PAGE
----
Fluoro-Gold (FG) retrograde tracing
In the first experimental group, all animals were anesthetized for FG retrograde labeling assessment . In brief, 16 weeks after implantation, 2 µl of 4% FG solution (Biotium Inc, CO) was injected into the rat sciatic nerve trunk at a point 5 mm distal to the grafts, and then the incision was sutured. After being kept routinely for 7 days, the rats had intracardiac perfusion with 4% (w/v) paraformaldehyde in 0.1 M phosphate buffer. After the vertebral canal was opened, the L4, L5, and S1 together with the dorsal root ganglia (DRG), were excised, post-fixed in buffered 4% paraformaldehyde for 4 hours, and then cryoprotected in 30% sucrose overnight at 4°C, followed by sectioning on a cryostat. Transverse sections (thickness, 25 µm) of the spinal cords were prepared from 12 rats (n = 3 in each group). Longitudinal sections (thickness, 20 µm) of the spinal cords were prepared from 12 rats (n = 3 in each group). Longitudinal sections (thickness, 16 µm) of DRG were prepared from all rats. All the sections were mounted on glass slides, viewed and photographed under a fluorescent microscope (Olympus BX-60, Japan). The total numbers of FG-labeled motoneurons in spinal cord and sensory neurons in DRG in all sections were counted.
After 16 weeks of implantation, in all animals of the second experimental group, the graft was rapidly harvested and fixed in a cold buffered 3% glutaraldehyde solution. The graft was then post-fixed in 1% osmium tetroxide in 0.1 M sodium cacodylate buffer (pH 7.3) for 1 hour at room temperature, dehydrated in ethanol, and embedded in resin. Transverse semi-thin (thickness 1.0µm) and ultra-thin sections (thickness 50.0 nm) were prepared from the distal portion of the graft. Semi-thin sections were stained with toluidine blue and studied under a light microscope (AH3, Olympus, Japan). Ultra-thin sections were stained with uranyl acetate and lead citrate, followed by observation under a transmission electron microscope (H-600, HITACHI, Japan). For quantitative analysis, five semi-thin sections and five ultra-thin sections from the distal portion of the graft were randomly collected and analyzed with an image analysis system (Analysis LS Professional, Olympus Soft Imaging Solutions) . Five visual fields were selected for each section (one field at the center of the cross section and the other four to the top, bottom, right, and left of the central field). In each group, axonal regeneration was estimated by: (1) the total number of myelinated axons per nerve transverse section (Mtot); (2) the total area of regenerated nerves (Atot); and (3) the diameter of myelinated axons. The degree of myelination was estimated by the axon-to fiber diameter ratio (G-ratio) observed.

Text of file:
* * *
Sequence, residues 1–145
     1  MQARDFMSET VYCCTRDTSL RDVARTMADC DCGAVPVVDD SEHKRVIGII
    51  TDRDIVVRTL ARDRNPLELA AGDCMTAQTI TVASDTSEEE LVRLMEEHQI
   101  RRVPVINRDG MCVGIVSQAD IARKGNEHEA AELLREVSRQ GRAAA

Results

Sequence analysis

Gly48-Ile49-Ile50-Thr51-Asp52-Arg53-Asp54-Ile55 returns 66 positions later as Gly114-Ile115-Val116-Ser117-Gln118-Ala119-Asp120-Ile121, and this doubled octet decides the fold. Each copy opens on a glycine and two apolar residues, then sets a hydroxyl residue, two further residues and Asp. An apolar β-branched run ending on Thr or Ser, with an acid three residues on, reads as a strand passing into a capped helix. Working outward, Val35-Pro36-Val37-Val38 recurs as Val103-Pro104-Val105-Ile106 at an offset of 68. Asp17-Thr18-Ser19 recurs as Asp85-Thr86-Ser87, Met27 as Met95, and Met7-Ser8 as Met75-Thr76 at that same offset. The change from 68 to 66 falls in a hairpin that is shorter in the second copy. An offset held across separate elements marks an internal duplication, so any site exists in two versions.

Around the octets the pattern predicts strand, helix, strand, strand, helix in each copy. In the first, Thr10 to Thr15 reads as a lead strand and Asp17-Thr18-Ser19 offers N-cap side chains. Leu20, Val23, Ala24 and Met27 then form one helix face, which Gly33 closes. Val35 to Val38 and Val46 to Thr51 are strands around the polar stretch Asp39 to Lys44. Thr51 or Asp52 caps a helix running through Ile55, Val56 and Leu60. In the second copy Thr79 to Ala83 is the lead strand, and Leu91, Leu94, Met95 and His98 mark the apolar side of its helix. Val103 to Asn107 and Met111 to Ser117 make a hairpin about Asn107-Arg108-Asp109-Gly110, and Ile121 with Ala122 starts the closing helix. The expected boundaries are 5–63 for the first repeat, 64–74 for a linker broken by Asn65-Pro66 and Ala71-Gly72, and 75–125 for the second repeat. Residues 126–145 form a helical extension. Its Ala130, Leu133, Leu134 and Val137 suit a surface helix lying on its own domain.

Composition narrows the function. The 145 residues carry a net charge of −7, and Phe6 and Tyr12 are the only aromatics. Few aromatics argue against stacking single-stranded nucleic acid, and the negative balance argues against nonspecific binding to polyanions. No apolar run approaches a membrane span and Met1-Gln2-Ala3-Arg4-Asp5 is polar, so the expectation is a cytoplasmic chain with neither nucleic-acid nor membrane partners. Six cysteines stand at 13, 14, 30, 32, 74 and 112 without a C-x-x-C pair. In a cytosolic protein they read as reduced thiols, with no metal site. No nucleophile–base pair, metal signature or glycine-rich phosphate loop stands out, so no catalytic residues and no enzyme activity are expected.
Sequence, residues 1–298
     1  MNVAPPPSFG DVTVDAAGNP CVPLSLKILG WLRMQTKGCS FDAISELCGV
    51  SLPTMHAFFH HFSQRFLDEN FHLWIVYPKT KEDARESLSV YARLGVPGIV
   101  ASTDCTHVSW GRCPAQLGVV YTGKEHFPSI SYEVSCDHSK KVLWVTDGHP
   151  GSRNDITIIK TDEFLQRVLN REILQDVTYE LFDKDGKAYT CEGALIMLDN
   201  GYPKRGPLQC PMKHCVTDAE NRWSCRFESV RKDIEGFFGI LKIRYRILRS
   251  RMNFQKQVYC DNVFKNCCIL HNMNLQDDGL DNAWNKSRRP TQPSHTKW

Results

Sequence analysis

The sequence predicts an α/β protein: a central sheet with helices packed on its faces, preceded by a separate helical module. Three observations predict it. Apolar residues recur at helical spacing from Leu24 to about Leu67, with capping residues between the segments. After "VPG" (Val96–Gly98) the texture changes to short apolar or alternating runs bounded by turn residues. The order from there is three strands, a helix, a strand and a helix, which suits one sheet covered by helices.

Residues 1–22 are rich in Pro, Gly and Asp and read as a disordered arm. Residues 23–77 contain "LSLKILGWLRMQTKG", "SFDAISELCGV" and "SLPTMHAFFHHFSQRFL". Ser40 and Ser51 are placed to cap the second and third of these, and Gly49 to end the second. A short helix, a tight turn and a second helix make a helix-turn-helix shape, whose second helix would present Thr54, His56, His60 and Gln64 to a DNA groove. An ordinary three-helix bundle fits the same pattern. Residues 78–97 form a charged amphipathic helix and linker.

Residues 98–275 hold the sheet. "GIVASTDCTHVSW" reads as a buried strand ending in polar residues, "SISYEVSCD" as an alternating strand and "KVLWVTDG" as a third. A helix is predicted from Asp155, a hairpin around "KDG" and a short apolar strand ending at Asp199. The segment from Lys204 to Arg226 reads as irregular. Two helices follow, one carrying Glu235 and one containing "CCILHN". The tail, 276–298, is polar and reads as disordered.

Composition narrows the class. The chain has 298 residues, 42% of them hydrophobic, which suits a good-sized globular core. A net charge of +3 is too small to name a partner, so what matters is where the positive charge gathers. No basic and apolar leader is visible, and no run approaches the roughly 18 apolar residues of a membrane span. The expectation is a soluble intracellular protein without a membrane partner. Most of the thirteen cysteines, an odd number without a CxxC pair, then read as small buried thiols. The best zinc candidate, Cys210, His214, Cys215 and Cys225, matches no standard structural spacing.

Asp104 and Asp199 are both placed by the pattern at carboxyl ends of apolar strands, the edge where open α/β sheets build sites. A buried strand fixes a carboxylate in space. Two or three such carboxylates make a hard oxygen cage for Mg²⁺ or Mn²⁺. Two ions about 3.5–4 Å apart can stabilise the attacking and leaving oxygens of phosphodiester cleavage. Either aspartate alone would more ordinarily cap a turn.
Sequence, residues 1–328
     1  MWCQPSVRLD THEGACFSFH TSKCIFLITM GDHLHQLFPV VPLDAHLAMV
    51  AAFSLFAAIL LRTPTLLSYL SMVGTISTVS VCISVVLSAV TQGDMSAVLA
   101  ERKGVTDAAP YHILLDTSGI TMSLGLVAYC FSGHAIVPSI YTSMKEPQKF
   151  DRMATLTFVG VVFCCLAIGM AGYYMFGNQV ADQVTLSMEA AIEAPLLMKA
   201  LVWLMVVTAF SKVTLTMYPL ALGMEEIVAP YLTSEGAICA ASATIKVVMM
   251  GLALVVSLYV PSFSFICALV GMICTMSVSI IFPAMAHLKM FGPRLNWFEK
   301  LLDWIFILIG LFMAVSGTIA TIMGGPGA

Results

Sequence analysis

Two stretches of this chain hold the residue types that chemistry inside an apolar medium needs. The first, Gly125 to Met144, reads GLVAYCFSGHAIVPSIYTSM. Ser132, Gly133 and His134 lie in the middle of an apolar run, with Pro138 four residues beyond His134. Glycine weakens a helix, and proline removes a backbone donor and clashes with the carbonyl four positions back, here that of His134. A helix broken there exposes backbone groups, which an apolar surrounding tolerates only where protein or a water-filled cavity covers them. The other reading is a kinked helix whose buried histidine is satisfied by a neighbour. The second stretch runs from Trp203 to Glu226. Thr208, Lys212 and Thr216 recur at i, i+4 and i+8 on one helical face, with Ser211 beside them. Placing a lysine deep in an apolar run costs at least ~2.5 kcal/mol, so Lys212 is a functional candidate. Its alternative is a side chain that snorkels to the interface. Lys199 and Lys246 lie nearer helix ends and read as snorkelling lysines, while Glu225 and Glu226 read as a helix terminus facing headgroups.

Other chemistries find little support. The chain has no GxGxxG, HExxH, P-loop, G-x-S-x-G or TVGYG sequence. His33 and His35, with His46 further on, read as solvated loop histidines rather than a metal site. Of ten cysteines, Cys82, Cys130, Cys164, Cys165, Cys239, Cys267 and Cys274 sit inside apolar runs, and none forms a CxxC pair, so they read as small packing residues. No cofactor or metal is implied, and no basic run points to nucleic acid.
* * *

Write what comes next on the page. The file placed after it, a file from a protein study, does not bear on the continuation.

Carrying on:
All data were expressed as means ± standard deviation. One-way analysis of variance (ANOVA) followed by Tukey's post hoc test was used to determine the statistical differences between experimental groups, using the computer software PRISM (GraphPad Software). Values of p<0.05 were considered statistically significant.
Morphology of the NGF–CMSs, CCH and NGF–CMSs/CCH
The NGF–CMSs showed relative rough surface and spherical shape without hollows or deformations (Figure 2A and B). The size distribution of NGF–CMSs varied from 2 to 50 µm based on the results of particle size analysis (data not shown). The mean size of NGF–CMSs was 18.8 µm which was suitable for incorporation of NGF–CMSs into the CCH. The transverse section of the CCH showed that microchannels were arranged in a honeycomb-like pattern (Figure 2C), and they had a mean cross-sectional diameter of 98.32±7.4 µm. The longitudinal section of the CCH showed that the scaffolds had longitudinally oriented microchannels (Figure 2D). The transverse section of the NGF–CMSs/CCH showed that microchannels were less regular and smaller than that of the CCH (Figure 2E), and they had a mean cross-sectional diameter of 90.58±2.8 µm. The longitudinal section of the NGF–CMSs/CCH showed that the NGF–CMSs were distributed throughout the microchannels in the CCH, which did not influence the microstructures of the scaffolds (Figure 2F).